Davis' contract has an out after 2022, but by then he'll be going into his age-28 season. And while there is some validity in trying to let him develop alongside a rookie passer, it might have made more sense to go somewhere with an established passer like the Arizona Cardinals (Kyler Murray) or Las Vegas Raiders (Derek Carr).
Kenyan Drake, RB, Las Vegas Raiders
It was easy to make a lot of projections for running back Kenyan Drake in free agency.
Joining a committee in Las Vegas wasn't one of them.
Drake looked like he was breaking out after eight games with Arizona in 2019, scoring eight times and averaging 5.2 yards per rushing attempt. Over 15 games in 2020, he scored 10 times while averaging 4.0 yards per carry.
Instead of seeking a team in which he could tote the lion's share of the carries, he joined the Raiders on a two-year, $11 million deal. The organization used a first-round pick on Josh Jacobs in 2019 and have fed him 515 carries and targeted him 72 times over 28 games. Drake's arrival shouldn't change much.
The 27-year-old running back will hit free agency again before he's 30 years old, but the best move might have been to try to replace James Conner in Pittsburgh or find a similar situation in which he could better prove himself after underperforming expectations in 2020.
Andy Dalton, QB, Chicago Bears
There are multiple concerns with Andy Dalton's free-agency destination.
Dalton isn't a bad player, but he isn't guaranteed to be much of an upgrade over Pace's prior failures: Mitchell Trubisky and Nick Foles. He's a game manager who can get into a good rhythm and execute an offense.
And Dalton's supporting cast is ho-hum. Running back David Montgomery needs to prove he can keep the momentum from 2020, wide receiver Anthony Miller could be on his way out of town and last year's leading receiver, Allen Robinson, was not happy the Bears used the franchise tag on him.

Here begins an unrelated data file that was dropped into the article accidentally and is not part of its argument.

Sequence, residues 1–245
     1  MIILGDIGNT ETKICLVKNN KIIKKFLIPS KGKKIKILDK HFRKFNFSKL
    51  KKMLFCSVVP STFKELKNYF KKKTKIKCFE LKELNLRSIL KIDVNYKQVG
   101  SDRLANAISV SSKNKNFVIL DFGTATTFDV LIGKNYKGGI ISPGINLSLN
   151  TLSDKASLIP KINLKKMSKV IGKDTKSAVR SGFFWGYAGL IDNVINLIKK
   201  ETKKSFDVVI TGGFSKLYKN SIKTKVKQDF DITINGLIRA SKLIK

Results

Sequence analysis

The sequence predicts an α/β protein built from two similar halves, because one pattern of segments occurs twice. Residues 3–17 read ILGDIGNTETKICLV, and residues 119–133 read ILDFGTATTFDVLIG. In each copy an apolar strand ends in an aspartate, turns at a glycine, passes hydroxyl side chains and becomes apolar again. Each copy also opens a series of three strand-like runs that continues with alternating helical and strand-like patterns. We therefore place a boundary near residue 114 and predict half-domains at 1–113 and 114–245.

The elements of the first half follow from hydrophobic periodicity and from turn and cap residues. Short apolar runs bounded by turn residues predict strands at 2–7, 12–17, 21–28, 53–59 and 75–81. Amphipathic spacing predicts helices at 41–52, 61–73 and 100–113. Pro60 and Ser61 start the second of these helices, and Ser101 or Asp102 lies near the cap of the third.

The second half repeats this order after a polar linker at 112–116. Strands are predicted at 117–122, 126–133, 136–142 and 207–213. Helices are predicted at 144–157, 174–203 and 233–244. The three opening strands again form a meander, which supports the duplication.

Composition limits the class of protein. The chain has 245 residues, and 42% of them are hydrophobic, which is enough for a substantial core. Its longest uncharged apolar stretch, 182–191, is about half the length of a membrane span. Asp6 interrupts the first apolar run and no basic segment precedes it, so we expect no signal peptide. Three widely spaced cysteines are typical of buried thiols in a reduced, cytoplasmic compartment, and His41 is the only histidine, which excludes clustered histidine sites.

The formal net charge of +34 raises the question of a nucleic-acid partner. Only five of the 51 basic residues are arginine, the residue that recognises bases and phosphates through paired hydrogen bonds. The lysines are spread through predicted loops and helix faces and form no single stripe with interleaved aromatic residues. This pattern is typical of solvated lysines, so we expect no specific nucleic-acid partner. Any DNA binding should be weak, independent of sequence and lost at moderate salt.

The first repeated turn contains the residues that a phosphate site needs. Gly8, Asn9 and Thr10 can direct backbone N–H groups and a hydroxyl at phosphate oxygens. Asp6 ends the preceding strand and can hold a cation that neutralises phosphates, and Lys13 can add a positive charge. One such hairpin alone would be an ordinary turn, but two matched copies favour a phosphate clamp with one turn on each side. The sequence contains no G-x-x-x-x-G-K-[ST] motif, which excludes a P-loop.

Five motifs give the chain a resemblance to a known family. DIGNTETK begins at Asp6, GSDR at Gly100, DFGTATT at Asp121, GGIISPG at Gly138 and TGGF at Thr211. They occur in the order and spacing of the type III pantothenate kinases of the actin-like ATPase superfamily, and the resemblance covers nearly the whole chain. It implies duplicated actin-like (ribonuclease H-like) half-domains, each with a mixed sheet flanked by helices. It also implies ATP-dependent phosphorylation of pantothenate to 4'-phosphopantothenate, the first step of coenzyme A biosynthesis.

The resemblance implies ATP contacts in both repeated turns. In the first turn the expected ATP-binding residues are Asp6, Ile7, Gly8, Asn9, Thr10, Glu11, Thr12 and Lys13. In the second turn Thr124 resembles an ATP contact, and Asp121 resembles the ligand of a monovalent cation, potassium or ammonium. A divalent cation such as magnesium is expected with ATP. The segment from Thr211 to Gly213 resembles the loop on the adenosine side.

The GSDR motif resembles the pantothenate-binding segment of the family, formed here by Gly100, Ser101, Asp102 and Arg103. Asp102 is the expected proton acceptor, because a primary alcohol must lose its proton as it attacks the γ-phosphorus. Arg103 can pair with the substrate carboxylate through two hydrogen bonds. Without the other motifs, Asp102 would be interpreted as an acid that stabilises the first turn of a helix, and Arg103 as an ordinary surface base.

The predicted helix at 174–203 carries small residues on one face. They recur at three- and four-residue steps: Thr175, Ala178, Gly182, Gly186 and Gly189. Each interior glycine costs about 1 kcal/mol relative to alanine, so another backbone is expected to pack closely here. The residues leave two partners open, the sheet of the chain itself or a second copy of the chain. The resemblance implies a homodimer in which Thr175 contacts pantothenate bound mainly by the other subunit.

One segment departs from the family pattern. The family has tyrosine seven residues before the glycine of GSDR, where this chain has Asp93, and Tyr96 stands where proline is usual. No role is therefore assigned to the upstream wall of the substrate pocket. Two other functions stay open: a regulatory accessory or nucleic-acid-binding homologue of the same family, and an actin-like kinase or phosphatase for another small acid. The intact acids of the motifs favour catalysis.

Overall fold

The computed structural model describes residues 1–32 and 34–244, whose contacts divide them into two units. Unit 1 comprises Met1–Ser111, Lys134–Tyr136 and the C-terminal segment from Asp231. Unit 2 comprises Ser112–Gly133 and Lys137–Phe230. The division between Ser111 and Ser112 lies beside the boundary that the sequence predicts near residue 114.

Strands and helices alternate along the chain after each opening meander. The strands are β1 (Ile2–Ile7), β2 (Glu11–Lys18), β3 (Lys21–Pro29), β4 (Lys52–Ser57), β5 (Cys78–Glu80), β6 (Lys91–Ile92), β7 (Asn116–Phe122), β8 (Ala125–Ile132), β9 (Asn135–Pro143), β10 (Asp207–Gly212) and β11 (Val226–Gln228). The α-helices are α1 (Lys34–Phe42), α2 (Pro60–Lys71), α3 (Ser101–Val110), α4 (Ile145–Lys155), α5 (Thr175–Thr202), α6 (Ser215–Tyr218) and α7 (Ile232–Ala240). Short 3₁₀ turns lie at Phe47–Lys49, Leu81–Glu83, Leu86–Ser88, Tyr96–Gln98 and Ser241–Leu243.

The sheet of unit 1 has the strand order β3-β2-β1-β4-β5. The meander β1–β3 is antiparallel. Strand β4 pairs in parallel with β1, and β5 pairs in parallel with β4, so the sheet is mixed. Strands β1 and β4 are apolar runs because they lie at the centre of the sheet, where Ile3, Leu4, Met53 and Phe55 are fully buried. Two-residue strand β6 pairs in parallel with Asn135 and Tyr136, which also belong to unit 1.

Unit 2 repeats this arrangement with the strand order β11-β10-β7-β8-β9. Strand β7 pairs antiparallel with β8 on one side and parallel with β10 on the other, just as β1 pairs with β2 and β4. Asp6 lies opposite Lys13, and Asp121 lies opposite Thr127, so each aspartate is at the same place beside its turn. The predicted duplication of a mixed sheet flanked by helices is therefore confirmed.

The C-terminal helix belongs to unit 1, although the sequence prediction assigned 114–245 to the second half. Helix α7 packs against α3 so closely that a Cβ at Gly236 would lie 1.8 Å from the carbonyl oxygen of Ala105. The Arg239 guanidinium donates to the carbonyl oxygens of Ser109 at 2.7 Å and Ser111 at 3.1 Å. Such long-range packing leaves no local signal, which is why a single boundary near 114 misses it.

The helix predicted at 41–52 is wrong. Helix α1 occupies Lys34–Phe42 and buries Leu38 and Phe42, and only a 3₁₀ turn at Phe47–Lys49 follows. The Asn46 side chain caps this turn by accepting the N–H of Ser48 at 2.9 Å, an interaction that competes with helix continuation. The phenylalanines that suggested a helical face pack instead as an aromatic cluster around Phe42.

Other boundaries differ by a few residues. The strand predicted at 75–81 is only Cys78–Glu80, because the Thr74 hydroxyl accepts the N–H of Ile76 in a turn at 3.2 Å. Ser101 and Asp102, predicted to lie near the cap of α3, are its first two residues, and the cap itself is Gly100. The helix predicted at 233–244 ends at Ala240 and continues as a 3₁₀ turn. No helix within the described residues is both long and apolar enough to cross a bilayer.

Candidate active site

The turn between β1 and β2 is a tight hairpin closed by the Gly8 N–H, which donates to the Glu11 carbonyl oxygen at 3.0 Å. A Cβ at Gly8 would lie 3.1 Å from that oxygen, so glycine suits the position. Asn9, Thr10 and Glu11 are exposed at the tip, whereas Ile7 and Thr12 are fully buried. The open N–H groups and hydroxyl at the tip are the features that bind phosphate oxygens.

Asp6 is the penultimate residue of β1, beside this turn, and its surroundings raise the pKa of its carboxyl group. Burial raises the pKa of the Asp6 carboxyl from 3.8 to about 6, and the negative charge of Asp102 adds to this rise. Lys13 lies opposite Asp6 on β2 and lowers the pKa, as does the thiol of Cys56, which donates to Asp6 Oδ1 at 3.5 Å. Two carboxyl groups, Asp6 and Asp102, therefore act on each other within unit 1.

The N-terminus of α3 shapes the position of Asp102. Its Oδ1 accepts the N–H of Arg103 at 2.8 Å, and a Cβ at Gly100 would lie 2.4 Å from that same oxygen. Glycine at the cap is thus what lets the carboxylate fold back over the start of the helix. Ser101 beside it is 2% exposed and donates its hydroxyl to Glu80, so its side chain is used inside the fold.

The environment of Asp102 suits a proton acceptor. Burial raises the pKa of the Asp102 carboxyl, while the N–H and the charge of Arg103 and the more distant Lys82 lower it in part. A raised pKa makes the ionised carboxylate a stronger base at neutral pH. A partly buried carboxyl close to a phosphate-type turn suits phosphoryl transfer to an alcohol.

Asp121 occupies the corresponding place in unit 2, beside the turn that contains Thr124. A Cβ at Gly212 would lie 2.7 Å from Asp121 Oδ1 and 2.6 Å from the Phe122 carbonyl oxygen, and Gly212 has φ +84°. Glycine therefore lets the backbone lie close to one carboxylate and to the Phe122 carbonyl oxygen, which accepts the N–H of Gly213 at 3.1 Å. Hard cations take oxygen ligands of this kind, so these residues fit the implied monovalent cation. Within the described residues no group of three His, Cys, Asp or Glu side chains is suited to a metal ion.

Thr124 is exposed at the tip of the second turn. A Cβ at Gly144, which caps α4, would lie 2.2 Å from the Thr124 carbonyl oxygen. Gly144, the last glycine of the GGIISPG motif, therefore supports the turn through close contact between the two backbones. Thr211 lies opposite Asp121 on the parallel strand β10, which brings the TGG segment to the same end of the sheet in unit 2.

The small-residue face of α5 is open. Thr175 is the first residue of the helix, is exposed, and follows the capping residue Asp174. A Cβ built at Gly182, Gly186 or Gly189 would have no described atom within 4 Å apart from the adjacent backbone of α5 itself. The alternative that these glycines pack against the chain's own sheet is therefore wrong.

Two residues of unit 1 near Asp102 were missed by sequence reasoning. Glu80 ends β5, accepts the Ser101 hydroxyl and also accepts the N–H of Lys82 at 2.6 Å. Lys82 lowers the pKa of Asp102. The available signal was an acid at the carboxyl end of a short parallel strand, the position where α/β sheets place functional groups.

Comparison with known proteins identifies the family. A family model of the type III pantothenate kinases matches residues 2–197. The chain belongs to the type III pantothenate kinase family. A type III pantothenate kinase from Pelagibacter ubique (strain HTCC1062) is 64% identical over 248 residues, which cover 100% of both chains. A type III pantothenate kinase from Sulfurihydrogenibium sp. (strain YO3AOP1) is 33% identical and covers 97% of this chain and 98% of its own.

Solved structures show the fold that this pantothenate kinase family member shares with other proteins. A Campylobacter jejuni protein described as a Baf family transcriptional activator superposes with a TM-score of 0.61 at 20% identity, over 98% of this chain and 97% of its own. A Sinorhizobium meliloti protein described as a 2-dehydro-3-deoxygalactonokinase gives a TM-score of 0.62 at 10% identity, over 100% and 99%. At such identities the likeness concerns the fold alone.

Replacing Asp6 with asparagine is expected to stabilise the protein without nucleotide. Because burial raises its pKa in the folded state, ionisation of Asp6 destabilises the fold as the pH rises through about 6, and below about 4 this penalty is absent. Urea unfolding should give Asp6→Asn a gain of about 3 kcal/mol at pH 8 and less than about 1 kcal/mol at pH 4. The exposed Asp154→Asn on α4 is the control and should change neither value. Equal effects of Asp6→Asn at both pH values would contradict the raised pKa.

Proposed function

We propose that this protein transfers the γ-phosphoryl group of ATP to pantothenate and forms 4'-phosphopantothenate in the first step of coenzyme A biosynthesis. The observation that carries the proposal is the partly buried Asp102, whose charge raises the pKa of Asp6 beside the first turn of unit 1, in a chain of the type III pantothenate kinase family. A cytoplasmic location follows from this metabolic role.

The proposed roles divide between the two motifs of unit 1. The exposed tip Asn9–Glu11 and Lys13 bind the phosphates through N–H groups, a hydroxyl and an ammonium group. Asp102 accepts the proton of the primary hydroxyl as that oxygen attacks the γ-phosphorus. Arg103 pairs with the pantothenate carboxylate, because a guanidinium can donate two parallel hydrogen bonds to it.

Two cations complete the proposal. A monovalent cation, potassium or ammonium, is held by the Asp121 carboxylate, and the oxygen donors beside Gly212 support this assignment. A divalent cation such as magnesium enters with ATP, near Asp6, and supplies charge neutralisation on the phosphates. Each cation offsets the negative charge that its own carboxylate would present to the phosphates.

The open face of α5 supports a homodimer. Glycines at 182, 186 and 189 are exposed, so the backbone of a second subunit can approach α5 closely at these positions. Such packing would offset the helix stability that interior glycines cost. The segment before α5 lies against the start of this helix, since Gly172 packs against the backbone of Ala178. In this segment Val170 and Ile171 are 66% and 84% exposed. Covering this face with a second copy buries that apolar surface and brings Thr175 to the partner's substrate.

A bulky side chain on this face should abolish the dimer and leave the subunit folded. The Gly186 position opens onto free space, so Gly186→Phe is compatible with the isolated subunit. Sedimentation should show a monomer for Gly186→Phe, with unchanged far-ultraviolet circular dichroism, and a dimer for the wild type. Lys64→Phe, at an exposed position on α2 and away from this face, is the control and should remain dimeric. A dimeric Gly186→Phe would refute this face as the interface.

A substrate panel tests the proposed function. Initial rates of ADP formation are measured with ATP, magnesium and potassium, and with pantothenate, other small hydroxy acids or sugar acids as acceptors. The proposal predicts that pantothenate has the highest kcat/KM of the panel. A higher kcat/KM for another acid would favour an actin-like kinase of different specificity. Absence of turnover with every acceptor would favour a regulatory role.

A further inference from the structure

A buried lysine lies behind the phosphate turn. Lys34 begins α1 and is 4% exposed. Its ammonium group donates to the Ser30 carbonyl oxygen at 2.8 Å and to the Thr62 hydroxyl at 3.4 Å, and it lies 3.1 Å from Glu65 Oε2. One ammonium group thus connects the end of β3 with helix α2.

It might have made more sense for Dalton to seek a starting gig on a team like Washington, which ultimately signed 38-year-old journeyman Ryan Fitzpatrick. That, or maybe even New Orleans, if he could convince the team there he's more stable than the team's other options given his wealth of experience and ability to take care of the football.
JuJu Smith-Schuster, WR, Pittsburgh Steelers
JuJu Smith-Schuster is an interesting case.
He had a predictably soft market, which is what happens when a player at a ridiculously deep position is roughly three years removed from his breakout campaign and averaged just 8.6 yards per catch last year over 16 games, ranking well outside of the top 100 among all pass-catchers.
Rather than signing a deal in a better situation, Smith-Schuster settled for a one-year, $8 million reunion with the Pittsburgh Steelers.
Yet Smith-Schuster told Michael Irvin on Irvin's podcast (h/t Ryan Wormeli of NBC Sports) that the Kansas City Chiefs used pictures of the Lombardi Trophy to try to recruit him. At the market price he got, signing with the Chiefs would have a made a whole lot more sense than a return to Pittsburgh.
Ben Roethlisberger, 39, isn't the player he was in his prime, and JuJu wasn't even the main target last year in an offense that also had Diontae Johnson and Chase Claypool. The Steelers should also be weaker in 2021 after losing players like linebacker Bud Dupree, cornerback Mike Hilton and starting offensive lineman Matt Feiler in free agency.
The Chiefs have Patrick Mahomes under center and brought in Joe Thuney and Kyle Long on the offensive line. JuJu would fit brilliantly alongside wide receivers Tyreek Hill and Mecole Hardman.
The Chiefs' ability to contend along with the potential for JuJu to rebuild his market made the Chiefs a better landing spot, no matter how nice the loyalty storyline in Pittsburgh is.